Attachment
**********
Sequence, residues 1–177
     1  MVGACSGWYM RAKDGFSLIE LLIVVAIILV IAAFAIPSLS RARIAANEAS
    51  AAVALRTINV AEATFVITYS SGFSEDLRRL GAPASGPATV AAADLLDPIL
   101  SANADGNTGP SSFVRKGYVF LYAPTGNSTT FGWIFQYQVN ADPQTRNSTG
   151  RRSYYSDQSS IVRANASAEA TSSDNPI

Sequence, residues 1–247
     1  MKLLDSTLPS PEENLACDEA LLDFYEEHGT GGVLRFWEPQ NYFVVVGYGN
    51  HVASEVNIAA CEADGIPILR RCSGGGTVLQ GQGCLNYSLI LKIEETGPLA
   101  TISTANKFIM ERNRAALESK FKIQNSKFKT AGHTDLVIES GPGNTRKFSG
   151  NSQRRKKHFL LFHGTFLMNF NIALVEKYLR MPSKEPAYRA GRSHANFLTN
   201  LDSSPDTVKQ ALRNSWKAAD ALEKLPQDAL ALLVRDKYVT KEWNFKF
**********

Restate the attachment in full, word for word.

Sequence, residues 1–177
     1  MVGACSGWYM RAKDGFSLIE LLIVVAIILV IAAFAIPSLS RARIAANEAS
    51  AAVALRTINV AEATFVITYS SGFSEDLRRL GAPASGPATV AAADLLDPIL
   101  SANADGNTGP SSFVRKGYVF LYAPTGNSTT FGWIFQYQVN ADPQTRNSTG
   151  RRSYYSDQSS IVRANASAEA TSSDNPI

Sequence, residues 1–247
     1  MKLLDSTLPS PEENLACDEA LLDFYEEHGT GGVLRFWEPQ NYFVVVGYGN
    51  HVASEVNIAA CEADGIPILR RCSGGGTVLQ GQGCLNYSLI LKIEETGPLA
   101  TISTANKFIM ERNRAALESK FKIQNSKFKT AGHTDLVIES GPGNTRKFSG
   151  NSQRRKKHFL LFHGTFLMNF NIALVEKYLR MPSKEPAYRA GRSHANFLTN
   201  LDSSPDTVKQ ALRNSWKAAD ALEKLPQDAL ALLVRDKYVT KEWNFKF